Logic is the study of reasoning, proof, thinking, or inference. Logic enables us to determine whether a given piece of reasoning is valid or invalid. One doesn't need to study logic in order to reason correctly. Most of us already use the rules of logic when making decisions in our lives, even though we may not know it. However, knowledge of logic can improve our ability to make decisions, help us argue for our beliefs logically, and help us analyze the arguments of others.

The basic building block of a logical argument is a *proposition*.
A proposition is a statement that is either true or false, but not both.
For example, the following statements are propositions:

- All men are mortal.
- This book is difficult to read and expensive.
- Some cows are blue.

The following statements are not propositions, since we cannot say that they are either true or false:

- Come here right now!
- Is it raining outside?
- This statement is false. (See the paradoxes page for more about this statement).

An *argument* consists of a series of propositions connected in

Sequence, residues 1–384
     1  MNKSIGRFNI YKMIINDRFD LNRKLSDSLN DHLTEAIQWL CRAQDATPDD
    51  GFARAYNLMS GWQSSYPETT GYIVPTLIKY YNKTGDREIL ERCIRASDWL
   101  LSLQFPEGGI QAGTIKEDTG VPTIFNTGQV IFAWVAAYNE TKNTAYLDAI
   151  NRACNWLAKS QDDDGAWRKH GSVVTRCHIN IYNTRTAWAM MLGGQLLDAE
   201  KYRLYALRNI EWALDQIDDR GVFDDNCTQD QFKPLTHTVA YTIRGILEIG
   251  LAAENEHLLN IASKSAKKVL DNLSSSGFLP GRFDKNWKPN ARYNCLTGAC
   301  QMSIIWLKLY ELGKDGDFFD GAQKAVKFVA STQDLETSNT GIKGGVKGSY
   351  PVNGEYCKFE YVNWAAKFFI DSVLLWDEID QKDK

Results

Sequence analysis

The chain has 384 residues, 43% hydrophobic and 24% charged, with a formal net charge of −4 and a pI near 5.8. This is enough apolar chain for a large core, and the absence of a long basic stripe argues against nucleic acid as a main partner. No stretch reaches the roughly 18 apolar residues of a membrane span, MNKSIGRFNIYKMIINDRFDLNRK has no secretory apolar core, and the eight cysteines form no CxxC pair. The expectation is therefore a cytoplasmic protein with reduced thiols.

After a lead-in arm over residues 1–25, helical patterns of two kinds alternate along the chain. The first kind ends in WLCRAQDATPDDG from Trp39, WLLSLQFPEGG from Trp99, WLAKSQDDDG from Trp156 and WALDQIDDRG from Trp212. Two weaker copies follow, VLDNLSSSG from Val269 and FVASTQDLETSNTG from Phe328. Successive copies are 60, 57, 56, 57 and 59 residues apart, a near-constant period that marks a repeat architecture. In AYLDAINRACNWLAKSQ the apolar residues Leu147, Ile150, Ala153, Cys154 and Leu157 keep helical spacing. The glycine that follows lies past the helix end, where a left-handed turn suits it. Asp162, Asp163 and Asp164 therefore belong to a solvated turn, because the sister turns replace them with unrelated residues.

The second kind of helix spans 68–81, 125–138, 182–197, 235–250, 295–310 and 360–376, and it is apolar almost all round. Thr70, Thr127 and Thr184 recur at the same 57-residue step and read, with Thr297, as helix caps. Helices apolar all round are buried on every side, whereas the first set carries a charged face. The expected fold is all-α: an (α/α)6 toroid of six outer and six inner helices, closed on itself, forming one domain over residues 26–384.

a manner to establish some other proposition. An argument consists of
three steps: First, the propositions necessary for the argument (called
premises) are stated. Next, the premises are used to infer other propositions.
Finally, the proposition that was originally set out to be established
is affirmed on the bases of the premises and inferences. This is the
conclusion of the argument. Here is a simple example:

- All men are mortal. (premise)
- Socrates is a man. (premise)
- Therefore Socrates is mortal. (inference and conclusion)

Traditionally, there are two types of arguments: A *deductive
argument* provides conclusive proof of its conclusions.
In an *inductive argument*, the premises provide
evidence for the conclusion, but do not conclusively establish it.
Deductive arguments can be either valid or invalid. A valid argument
is one that is well-formed. If the premises of a valid argument
are all true, then the conclusion will be true. However, if the
premises are false, then the conclusion may or may not be true.

To delve further into logic, it can be helpful to investigate propositional logic.

A fallacy is used to refer to an argument that is technically incorrect, even though it may seem to be valid. There are two types of fallacies: formal and informal. Formal fallacies involve errors in the form or structure of the argument, while informal fallacies involve other errors.

See also recreational logic.